Eddie ARCHIE, appellant, v. MA'S & PAPA JOE'S, INC., et al., defendants, Joseph H. Everett, respondent.
In an action, inter alia, to recover damages for assault and battery, the plaintiff appeals from an order of the Supreme Court, Orange County (Alessandro, J.), dated November 10, 2008, which granted the motion of the defendant Joseph H. Everett for summary judgment dismissing the complaint insofar as asserted against him.
ORDERED that the order is affirmed, with costs.
In the early morning hours of January 1, 2005, at a bar owned and operated by the defendant Ma's & Papa Joe's, Inc. (hereinafter MPJ's), the defendant Darnell Williams, a bar patron, allegedly assaulted the plaintiff, who was also a patron of the bar. The plaintiff commenced this action to recover damages against Williams, MPJ's, and Joseph H. Everett, who was the sole officer of MPJ's and the owner of the building in which MPJ's operated. The plaintiff alleged, in part, that bar employees negligently furnished alcoholic beverages to Williams. The Supreme Court granted Everett's motion for summary judgment dismissing the complaint insofar as asserted against him individually. We affirm.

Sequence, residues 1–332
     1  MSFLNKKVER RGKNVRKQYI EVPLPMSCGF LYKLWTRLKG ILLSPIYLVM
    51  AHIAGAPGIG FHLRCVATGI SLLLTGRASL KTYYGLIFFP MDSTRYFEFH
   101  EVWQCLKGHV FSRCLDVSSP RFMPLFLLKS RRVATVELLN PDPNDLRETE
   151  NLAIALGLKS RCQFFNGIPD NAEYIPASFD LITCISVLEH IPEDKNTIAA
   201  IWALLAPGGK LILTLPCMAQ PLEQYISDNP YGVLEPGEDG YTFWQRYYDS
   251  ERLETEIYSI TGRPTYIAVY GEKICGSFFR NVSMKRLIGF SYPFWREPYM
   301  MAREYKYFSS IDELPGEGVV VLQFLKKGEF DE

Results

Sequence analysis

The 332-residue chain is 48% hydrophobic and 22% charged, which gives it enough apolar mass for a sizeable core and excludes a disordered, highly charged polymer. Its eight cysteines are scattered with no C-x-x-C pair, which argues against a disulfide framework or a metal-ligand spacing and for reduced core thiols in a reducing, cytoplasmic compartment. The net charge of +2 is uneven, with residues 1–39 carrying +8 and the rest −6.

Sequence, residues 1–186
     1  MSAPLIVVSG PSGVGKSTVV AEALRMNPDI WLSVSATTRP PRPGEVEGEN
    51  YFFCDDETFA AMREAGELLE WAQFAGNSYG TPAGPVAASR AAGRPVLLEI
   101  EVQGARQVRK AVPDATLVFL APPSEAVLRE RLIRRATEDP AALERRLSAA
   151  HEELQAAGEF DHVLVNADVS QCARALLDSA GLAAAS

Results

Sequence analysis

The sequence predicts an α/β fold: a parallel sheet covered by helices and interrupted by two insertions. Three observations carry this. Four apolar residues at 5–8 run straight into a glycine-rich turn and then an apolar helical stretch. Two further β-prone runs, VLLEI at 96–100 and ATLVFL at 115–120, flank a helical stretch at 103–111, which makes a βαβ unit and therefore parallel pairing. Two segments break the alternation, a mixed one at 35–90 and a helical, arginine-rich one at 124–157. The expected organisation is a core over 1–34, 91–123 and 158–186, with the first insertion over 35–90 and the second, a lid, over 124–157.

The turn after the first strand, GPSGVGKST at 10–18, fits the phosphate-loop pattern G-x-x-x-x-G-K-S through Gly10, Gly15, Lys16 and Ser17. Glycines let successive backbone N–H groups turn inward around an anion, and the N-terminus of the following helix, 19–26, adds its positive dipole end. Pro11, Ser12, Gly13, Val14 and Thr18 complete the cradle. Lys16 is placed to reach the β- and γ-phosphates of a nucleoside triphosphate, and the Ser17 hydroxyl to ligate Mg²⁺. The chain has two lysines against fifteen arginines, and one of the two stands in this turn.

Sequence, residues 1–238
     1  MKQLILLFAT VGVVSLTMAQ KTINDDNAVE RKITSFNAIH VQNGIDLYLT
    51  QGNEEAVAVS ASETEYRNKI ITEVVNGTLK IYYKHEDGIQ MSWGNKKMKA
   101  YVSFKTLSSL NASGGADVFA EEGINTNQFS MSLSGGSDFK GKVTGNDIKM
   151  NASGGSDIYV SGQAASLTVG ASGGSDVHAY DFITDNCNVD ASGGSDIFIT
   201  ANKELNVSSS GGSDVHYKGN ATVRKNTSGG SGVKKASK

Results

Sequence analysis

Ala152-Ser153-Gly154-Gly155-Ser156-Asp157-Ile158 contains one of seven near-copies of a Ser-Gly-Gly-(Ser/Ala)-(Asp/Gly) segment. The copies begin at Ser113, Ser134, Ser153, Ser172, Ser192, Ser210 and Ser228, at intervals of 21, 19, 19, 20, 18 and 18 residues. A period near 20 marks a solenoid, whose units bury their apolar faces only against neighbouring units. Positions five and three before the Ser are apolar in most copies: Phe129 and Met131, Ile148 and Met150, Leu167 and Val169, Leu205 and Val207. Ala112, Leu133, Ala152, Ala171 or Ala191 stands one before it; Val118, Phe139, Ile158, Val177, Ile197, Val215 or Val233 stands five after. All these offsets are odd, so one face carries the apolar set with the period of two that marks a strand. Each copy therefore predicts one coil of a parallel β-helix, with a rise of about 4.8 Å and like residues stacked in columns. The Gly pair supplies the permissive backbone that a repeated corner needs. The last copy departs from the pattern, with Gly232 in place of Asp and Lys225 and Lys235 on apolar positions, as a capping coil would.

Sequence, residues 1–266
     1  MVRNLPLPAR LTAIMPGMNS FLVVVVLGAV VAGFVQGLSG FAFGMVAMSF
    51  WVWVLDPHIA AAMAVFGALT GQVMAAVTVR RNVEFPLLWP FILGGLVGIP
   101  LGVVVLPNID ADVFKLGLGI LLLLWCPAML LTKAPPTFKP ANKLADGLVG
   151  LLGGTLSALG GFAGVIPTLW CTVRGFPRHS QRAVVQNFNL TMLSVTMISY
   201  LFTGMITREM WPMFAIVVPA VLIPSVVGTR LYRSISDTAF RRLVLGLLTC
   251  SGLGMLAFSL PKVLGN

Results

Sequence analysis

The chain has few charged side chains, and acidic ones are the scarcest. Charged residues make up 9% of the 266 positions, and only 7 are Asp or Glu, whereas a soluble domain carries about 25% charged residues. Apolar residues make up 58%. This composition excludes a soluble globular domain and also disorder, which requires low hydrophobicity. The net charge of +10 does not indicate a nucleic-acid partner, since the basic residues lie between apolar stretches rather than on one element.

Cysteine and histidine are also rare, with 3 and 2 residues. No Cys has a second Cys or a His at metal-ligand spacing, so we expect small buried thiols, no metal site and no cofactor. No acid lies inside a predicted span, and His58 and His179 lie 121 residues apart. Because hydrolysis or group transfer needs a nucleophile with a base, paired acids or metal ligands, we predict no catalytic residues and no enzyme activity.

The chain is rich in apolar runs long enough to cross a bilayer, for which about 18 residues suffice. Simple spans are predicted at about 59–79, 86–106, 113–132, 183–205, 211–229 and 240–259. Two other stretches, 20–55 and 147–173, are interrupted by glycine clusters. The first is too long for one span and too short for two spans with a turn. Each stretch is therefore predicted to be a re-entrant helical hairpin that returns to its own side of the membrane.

Generally, an out-of-possession landlord cannot be held liable for injuries occurring on the premises unless he or she has retained control over the premises or over the operation of the business conducted on the property (see Donohue v. S.R.O. Cafe, 300 A.D.2d 433; Borelli v. 1051 Realty Corp., 242 A.D.2d 517, 518; cf. Winter v. Jimmy's Lakeside Inn, 200 A.D.2d 826, 827). Here, Everett established, prima facie, that his control over the premises and over the operation of the bar was in his capacity as the president of the corporate tenant, MPJ's, and not in his individual capacity as landlord. Moreover, Everett established, prima facie, that he did not have any involvement in the acts leading to the plaintiff's alleged injuries. In opposition, the plaintiff failed to raise a triable issue of fact (see Donohue v. S.R.O. Cafe, 300 A.D.2d at 433). Furthermore, the plaintiff alleged insufficient facts in the complaint or in opposition to Everett's motion that would permit Everett to be held liable for the wrongs of the corporate tenant under the doctrine of piercing the corporate veil (cf. East Hampton Union Free School Dist. v. Sandpebble Bldrs., Inc., 66 AD3d 122). Consequently, the Supreme Court properly granted Everett's motion for summary judgment dismissing the complaint insofar as asserted against him individually.